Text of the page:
The study reported that increased utilization accounted for about one third of spending growth. If price levels and the mix of prices had not changed between 1993 and 1998, 36 percent of the total spending growth would still have occurred as a result of the increased number of prescriptions. Increased utilization of newer drugs contributed almost twice as much as utilization of older drugs to this increase.
|Percent of rise in drug spending attributable to prices (at introduction and subsequent increases)||Percent of rise in drug spending attributable to utilization||Total|
|New drugs (1992 or later)||42%||23%||65%|
|Source: National Institute for Health Care Management Research and Educational Foundation, Factors Affecting the Growth of Prescription Drug Expenditures, Washington, 1999.|
Table 2-34 shows some of the components of spending growth for Medicare beneficiaries. Both utilization and cost per prescription grew from 1995 to 1996. This analysis did not attempt to measure changes in the mix of drugs. Average cost per prescription grew by 6.4 percent, more rapidly than during the preceding years. The cost change was larger than the change in utilization for HMO enrollees and those in employer plans. The reverse was true for Medicaid beneficiaries and purchasers of individual coverage; for these groups utilization grew faster than price. For beneficiaries with no Medicare supplement, both utilization and average price dropped. This may mean that these beneficiaries were less able to afford prescription drugs. However, it might also suggest that the highest spenders in 1995 were disproportionately represented among beneficiaries who newly gained drug coverage in 1996.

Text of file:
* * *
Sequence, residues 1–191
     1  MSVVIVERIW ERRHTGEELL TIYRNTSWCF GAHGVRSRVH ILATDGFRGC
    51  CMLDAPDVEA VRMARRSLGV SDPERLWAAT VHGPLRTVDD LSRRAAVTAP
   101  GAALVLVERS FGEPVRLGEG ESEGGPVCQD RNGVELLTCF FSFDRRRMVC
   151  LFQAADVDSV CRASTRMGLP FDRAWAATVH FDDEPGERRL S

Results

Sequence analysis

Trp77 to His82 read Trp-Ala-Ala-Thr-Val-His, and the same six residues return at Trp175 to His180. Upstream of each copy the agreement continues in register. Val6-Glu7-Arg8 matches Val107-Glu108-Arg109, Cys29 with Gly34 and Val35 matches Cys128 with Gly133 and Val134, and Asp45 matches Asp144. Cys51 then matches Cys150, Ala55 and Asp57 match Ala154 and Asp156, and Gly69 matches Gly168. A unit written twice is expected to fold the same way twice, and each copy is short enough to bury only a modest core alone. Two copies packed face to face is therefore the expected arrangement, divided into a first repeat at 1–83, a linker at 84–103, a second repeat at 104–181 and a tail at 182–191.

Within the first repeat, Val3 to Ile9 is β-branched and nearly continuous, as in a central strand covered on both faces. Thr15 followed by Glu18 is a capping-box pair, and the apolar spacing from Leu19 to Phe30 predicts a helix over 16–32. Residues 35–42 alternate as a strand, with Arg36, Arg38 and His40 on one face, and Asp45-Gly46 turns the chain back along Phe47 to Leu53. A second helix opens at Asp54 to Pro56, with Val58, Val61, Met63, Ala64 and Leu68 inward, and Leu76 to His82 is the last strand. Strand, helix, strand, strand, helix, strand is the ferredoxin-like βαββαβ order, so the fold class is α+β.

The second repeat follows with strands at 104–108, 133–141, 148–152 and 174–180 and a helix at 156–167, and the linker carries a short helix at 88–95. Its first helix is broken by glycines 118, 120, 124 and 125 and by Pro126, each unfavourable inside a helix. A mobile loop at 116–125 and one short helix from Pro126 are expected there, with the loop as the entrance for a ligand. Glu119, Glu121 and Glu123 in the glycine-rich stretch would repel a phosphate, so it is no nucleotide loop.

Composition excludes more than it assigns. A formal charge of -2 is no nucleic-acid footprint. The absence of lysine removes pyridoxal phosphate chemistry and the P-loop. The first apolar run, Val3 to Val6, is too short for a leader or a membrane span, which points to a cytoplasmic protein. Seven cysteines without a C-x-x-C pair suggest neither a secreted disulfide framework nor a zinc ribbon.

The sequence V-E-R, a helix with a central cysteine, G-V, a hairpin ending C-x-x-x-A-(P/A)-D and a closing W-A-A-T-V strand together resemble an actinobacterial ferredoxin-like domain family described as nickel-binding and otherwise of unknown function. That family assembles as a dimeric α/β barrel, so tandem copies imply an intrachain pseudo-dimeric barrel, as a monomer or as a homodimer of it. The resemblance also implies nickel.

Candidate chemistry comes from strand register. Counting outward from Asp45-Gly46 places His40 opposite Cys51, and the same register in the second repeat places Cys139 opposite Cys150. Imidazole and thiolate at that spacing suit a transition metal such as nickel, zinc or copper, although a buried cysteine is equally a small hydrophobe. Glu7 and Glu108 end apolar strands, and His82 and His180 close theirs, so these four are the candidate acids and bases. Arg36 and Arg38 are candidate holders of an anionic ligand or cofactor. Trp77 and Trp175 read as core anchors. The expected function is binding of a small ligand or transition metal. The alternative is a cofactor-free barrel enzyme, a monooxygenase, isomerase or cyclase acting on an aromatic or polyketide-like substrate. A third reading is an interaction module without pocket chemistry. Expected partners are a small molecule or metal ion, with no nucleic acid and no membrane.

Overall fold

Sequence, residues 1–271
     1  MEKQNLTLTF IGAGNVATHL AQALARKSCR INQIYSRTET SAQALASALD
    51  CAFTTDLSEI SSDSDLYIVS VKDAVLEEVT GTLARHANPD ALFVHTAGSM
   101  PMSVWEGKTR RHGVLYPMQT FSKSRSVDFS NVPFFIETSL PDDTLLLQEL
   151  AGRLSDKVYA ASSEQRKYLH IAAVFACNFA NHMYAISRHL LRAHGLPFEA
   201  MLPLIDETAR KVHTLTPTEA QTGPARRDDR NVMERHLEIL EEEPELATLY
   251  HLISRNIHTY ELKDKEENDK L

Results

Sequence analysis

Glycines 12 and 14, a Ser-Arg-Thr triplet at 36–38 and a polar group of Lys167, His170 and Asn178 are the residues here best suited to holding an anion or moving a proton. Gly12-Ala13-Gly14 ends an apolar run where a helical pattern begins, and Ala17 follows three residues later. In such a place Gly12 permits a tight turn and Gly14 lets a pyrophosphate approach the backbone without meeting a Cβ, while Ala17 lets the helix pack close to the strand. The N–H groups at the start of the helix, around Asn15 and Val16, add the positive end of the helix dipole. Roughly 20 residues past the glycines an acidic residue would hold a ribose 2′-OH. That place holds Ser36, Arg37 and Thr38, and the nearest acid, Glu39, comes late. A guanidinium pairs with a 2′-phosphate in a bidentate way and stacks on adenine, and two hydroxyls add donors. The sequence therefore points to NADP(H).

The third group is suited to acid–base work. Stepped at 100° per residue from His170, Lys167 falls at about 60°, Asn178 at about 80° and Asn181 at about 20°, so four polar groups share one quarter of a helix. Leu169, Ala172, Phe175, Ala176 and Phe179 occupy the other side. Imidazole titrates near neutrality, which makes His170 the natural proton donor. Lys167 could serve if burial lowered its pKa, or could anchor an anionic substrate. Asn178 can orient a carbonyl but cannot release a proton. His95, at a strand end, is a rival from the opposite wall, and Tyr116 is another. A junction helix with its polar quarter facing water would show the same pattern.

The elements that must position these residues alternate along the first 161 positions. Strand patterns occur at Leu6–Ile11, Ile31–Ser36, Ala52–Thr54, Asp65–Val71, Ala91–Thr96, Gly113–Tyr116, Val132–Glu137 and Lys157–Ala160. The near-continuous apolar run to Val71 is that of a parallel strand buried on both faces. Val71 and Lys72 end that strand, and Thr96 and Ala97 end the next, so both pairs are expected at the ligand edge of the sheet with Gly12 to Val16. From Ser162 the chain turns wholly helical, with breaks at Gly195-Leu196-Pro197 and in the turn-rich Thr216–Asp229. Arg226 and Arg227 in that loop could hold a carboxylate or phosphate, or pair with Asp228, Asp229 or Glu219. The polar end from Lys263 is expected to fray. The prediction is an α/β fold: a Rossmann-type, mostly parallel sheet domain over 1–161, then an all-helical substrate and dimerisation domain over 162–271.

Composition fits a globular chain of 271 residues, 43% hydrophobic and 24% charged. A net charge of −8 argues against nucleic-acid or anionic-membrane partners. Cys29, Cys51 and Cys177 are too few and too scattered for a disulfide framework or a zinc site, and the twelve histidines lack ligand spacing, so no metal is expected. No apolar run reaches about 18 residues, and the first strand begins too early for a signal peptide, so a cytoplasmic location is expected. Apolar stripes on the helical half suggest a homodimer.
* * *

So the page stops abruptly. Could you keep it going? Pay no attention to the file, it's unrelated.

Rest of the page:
|Type of Insurance Coverage||Growth in Average Number of Prescriptions Per Beneficiary||Growth in Average Expenditure per Prescription|
|Total||Covered||Not covered||Total||Covered||Not Covered|
|No Supplemental Coverage (FFS Medicare only)||-2.8%||-2.8%||-4.6%||-4.6%|
|Medicare Risk HMO||7.9%||8.5%||*||9.3%||10.3%||*|
1Each person has been assigned to one supplementary insurance category but they may or may not obtain their drug insurance coverage from that source.
2Includes beneficiaries receiving full Medicaid benefits, as well as QMBs and SLMBs.
3 Includes those who only had employer-sponsored supplemental insurance and those who had both employer-sponsored and individually-purchased supplemental insurance.
4 Includes other public programs such as VA, DOD, and State Pharmaceutical Assistance Programs for low-income elderly, as well as non-risk HMOs (cost and HCPP plans).
* Number is unreliable because of small sample size.
Source: Information and Methods Group, Office of Strategic Planning, Health Care Financing Administration(now known as Centers for Medicare and Medicaid Services(CMS)): Medicare Current Beneficiary Survey Cost and Use File, 1995 and 1996.